fewer vibrations and less problems with resonance which makes noiseless stepping
possible down to 0 Hz. With microstepping, smaller step angles and better positioning is
possible.
The ideal current waveform for driving a stepper motor is a sinewave. Two sinewaves, 90 °
out of phase (or another angle depending on the motor construction), form the ideal drive
current. If the stepper coils follow these current waveforms, the motor runs quietly and
smoothly, which is the ideal condition. In fact, the steps associated with stepper motors will
disappear.
Figure 6.
Current waveforms with 90 ° phase difference
In microstepping mode, the current magnitude in the motor coil has to be controlled in a
proper sequence. The current can be controlled using a H-bridge circuit or PWM technique.
Section 4: Driving stepper motors using STM8A and STM8S microcontrollers describes the
software/low-cost solution to drive the stepper motors in microstepping mode using STM8A
and STM8S microcontrollers.
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4
Driving stepper motors using STM8A and STM8S microcontrollers
Driving stepper motors using STM8A and
STM8S microcontrollers
This application solution makes use of a PWM current control technique. The stepper motor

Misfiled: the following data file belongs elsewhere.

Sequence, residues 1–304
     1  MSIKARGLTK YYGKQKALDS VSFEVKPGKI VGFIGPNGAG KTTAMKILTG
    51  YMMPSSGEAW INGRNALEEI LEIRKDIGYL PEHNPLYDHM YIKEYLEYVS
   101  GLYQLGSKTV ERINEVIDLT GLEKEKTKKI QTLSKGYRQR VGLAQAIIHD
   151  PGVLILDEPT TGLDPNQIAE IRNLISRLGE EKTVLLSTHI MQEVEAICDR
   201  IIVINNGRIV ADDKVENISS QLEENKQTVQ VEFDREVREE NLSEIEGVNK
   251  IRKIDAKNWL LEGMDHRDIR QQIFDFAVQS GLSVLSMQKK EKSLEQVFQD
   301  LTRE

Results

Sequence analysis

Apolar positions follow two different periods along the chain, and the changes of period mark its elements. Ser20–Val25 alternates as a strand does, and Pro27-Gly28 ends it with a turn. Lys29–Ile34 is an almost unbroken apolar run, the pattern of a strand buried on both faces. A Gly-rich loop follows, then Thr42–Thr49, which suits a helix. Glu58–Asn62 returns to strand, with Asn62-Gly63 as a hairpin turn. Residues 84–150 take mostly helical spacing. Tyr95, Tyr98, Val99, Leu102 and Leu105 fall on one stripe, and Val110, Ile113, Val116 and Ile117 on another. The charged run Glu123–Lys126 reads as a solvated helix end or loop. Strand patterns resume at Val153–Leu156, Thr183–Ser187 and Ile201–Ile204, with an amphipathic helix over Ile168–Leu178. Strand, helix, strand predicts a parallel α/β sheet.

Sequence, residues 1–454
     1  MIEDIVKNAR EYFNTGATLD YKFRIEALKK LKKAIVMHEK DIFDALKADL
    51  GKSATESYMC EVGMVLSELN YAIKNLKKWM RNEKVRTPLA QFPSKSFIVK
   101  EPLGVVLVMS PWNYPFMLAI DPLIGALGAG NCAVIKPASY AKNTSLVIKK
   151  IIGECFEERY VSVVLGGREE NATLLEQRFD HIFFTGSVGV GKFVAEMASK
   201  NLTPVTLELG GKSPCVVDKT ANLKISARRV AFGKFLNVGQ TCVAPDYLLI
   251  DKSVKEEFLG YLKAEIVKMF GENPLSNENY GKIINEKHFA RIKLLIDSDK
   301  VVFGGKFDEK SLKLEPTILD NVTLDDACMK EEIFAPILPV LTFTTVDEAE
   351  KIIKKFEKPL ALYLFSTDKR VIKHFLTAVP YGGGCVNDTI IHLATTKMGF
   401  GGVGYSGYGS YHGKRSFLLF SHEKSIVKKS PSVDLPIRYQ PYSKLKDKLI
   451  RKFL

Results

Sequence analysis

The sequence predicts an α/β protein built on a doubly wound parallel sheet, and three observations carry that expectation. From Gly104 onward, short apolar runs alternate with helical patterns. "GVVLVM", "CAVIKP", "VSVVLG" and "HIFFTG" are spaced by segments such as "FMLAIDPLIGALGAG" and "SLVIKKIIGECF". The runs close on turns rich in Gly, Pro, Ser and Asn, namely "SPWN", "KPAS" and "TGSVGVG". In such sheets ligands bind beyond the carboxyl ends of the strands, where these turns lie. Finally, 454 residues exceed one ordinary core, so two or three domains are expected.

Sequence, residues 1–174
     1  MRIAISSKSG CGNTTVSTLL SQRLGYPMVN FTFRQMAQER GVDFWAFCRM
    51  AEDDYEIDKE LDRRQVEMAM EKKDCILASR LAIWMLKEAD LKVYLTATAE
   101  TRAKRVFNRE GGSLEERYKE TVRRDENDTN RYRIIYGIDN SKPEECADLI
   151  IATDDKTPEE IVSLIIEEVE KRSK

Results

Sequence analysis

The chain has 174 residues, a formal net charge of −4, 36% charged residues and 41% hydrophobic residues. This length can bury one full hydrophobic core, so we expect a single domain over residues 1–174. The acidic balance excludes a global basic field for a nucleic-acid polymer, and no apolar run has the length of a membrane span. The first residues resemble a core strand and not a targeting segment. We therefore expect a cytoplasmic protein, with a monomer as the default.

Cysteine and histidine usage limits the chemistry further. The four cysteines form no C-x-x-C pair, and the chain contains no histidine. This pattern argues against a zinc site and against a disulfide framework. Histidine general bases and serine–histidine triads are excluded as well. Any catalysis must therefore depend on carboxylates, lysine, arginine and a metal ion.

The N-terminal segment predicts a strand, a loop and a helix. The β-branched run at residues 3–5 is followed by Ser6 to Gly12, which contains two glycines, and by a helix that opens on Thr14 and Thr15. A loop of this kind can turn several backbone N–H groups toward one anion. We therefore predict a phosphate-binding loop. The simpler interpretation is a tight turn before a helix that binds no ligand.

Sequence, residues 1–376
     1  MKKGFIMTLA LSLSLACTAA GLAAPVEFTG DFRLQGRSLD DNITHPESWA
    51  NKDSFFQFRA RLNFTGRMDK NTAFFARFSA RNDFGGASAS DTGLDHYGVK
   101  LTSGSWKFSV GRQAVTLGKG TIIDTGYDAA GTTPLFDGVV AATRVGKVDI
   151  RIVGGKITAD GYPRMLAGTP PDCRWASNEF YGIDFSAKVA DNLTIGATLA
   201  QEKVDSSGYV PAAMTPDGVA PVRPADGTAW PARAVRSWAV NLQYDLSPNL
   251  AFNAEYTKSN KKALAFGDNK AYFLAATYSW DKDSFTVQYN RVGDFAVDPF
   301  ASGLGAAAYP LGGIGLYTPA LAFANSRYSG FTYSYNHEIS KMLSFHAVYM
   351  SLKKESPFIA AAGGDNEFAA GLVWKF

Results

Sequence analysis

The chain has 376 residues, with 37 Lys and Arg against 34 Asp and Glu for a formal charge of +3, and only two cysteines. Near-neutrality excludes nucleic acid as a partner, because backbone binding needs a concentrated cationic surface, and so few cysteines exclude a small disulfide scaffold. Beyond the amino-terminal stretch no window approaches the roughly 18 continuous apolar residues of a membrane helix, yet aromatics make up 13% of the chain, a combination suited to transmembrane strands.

is driven directly by PWMs, I/O pins and a 74HC/HCT244 buffer/driver (so the position of the
motor can be controlled with precision without any feedback mechanism) of an an STM8A or
STM8S microcontroller. Two ends of each motor winding are connected to one PWM and
one I/O line. TIM1 (16-bit advanced control timer) peripheral on the STM8A or STM8S
allows two independent PWM signals to be generated. The PWM signals have the same
frequency and are controlled by the counter clock period and the capture/compare register
values (TIM1_CCRxH and TIM1_CCRxL). For detailed information about TIM1, refer to the
STM8A and STM8S device datasheets. Figure 7 shows the functional block diagram of a
stepper motor, STM8A PWM and I/O signals, and an 74HC244 buffer.
Figure 7.
Functional block diagram
The stepper motor used in the current solution is the M-S motor X25.689 from Switec (see
Figure 8 and Figure 9). The main features are:
●
1/3 ° resolution per step
●
Low current consumption
●
High speed (greater than 600 °/s)
●
Can be driven directly by a microcontroller
The M-S motor has two types of movement:
●
Rotor movement
●
Pointer shaft movement
This motor is therefore a bipolar motor. It has four different wires which operate the motor in
both clockwise and anti-clockwise directions.